Jump to content
  • We'd love for you to participate.

    Create an account

    Ask questions, share experiences and connect.

    Register a new account

    Sign in

    Already have an account? Sign in here.

    Sign In Now
  • Sign in to follow this  

    Costa Concordia embarks on its last voyage

    Emergency response teams rushed to deal with an oil spill from the wreck of the Costa Concordia Sunday, as salvage experts prepared to tow the crippled vessel away from the island of Giglio Tuesday.

    The oil leaked as the 105,000-tonne cruise liner continued to rise in the water, with engineers pumping compressed air into 30 huge steel compartments attached to the hull of the ship, forcing out seawater and providing buoyancy.

    As more decks emerged above the water, the words “Costa Concordia,” in giant blue lettering, were visible for the first time since the ship sank two and a half years ago with the loss of 32 lives.

    Authorities played down the extent of the oil leakage, which was first noticed late on Saturday night, saying it had been quickly dealt with.

    “A small amount of hydrocarbons was spotted in the mid ship/aft of the wreck. The Oil Spill Response team was immediately activated and the area was cleaned through the use of absorbent booms,” said a statement from Costa Cruises, the company that owns the Concordia. “The team is replacing the absorbing booms in the area.”

    The operation to refloat the Concordia began last Monday, when it was raised almost two metres in the water.

    Last night it was about six metres above the water level.

    The heavily listing ship was dragged upright in a daring maneuver last September, and then crews fastened huge tanks to its flanks to float it.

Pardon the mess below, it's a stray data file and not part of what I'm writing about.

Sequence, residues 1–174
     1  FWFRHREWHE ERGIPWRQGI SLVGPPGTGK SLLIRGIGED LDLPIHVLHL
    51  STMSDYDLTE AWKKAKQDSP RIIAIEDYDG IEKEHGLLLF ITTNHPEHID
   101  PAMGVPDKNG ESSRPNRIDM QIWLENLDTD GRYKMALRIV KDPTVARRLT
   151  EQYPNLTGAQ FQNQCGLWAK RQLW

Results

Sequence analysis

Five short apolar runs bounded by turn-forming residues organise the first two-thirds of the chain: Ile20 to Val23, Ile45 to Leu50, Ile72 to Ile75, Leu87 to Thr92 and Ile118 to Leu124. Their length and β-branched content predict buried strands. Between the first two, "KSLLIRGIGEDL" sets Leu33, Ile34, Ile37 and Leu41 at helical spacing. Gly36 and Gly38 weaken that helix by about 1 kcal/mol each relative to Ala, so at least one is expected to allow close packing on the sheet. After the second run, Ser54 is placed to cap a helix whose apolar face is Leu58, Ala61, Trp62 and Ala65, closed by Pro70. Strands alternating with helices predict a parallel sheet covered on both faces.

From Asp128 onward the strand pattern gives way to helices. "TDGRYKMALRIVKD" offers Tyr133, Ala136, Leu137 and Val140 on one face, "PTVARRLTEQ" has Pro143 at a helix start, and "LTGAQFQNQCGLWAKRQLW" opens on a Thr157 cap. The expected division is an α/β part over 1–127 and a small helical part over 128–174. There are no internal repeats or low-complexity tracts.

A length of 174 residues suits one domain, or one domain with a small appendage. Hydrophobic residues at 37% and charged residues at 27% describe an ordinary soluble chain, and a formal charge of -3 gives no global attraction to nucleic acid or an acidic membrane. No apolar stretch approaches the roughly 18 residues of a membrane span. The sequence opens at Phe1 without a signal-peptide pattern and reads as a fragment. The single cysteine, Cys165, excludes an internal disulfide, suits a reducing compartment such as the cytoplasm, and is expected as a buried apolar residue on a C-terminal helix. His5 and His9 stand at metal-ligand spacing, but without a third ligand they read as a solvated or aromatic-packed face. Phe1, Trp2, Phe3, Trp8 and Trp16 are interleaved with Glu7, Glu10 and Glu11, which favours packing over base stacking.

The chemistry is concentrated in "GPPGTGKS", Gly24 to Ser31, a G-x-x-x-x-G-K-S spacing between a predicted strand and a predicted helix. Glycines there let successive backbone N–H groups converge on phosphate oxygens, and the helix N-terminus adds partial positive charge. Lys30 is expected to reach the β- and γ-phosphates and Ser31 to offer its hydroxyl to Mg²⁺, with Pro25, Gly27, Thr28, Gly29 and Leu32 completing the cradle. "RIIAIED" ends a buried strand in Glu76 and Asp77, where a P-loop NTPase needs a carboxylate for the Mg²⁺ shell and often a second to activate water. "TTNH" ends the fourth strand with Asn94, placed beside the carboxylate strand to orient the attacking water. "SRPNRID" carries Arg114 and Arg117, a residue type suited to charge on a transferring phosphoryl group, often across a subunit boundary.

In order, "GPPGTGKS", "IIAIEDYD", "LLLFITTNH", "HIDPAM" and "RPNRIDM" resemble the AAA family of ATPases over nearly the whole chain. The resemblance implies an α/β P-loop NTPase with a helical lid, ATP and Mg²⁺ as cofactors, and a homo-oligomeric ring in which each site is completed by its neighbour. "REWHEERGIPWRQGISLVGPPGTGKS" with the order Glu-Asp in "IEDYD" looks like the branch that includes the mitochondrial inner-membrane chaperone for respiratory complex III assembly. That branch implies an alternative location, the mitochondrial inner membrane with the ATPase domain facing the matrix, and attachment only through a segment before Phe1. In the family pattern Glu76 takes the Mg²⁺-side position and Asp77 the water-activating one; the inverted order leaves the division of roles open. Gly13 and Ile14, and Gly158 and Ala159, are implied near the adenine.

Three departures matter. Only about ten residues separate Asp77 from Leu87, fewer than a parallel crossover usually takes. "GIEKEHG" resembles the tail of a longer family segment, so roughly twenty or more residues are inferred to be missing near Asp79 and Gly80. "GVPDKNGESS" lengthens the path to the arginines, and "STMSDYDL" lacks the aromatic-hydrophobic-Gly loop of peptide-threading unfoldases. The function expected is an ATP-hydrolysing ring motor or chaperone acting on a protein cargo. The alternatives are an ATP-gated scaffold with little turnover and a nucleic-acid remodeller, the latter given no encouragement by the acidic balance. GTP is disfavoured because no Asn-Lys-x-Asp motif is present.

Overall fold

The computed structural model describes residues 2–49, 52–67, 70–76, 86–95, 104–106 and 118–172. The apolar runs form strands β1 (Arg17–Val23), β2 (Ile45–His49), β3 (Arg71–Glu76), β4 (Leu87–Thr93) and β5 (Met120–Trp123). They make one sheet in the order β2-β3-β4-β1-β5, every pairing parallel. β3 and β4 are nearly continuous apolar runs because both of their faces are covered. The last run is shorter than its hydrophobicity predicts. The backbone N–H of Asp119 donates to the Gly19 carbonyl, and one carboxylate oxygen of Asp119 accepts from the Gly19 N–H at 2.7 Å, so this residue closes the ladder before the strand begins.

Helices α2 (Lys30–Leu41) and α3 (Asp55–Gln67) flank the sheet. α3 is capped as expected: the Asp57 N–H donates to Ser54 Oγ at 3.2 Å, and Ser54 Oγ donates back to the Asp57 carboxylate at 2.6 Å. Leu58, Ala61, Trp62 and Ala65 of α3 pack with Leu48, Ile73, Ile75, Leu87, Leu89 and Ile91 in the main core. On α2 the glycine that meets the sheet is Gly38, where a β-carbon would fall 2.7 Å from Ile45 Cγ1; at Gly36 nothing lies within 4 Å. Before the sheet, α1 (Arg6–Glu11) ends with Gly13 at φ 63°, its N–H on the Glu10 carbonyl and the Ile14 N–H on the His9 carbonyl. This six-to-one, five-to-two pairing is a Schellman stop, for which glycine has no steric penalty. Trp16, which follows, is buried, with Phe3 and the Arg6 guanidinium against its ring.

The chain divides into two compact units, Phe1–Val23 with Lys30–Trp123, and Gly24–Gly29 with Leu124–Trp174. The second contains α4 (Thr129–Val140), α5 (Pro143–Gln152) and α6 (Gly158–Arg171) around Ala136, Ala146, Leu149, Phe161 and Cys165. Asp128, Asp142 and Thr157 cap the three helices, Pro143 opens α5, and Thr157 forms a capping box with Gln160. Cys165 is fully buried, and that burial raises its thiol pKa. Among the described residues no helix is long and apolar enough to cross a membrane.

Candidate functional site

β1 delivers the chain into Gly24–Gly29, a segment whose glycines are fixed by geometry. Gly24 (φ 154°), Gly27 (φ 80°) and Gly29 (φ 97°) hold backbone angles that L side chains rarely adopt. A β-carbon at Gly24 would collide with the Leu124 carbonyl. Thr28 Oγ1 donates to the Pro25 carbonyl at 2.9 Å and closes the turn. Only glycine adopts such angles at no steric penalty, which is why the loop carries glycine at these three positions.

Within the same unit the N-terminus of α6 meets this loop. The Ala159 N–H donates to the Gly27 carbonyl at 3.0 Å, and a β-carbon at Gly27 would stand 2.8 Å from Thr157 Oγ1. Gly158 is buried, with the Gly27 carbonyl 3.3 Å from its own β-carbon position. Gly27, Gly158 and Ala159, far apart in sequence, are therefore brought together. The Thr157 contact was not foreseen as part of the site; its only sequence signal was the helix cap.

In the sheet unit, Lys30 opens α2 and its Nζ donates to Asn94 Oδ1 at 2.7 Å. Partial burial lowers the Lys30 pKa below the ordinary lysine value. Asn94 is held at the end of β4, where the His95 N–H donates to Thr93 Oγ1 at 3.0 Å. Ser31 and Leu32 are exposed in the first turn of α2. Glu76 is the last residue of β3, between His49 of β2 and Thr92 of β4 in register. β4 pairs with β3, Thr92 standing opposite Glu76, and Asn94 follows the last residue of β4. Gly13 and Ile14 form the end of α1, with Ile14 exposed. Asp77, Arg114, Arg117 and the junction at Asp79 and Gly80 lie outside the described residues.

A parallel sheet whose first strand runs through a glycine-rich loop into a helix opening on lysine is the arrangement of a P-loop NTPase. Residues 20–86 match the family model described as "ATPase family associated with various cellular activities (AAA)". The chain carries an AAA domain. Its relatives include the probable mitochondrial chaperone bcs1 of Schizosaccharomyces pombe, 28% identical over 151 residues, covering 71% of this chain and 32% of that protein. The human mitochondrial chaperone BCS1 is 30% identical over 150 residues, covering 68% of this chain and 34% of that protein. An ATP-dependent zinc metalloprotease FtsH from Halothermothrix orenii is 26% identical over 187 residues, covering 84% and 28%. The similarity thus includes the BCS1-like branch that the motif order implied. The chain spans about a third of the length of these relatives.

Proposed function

If the final phase of the refloat goes according to plan, the Concordia will be towed by two powerful tug boats to the port of Genoa in north-west Italy, a journey of 200 nautical miles (320 kilometres) that will take about four days.

    The cost of recovering and demolishing the cruise liner is likely to reach at least €1.5 billion ($2.18 billion), according to Costa Cruises.

    Concordia’s Italian captain is being tried in Tuscany for manslaughter, causing the shipwreck and abandoning ship before all were evacuated.

    By Nick Squires, The Telegraph

    For more cruise news & articles go to http://www.cruisecrazies.com/index.html

    Re-posted on CruiseCrazies.com - Cruise News, Articles, Forums, Packing List, Ship Tracker, and more


    Sign in to follow this  

    User Feedback

    Recommended Comments

    Join the conversation

    You can post now and register later. If you have an account, sign in now to post with your account.

    Add a comment...

    ×   Pasted as rich text.   Paste as plain text instead

      Only 75 emoji are allowed.

    ×   Your link has been automatically embedded.   Display as a link instead

    ×   Your previous content has been restored.   Clear editor

    ×   You cannot paste images directly. Upload or insert images from URL.

  • Cruise Secrets Revealed!
  • Create New...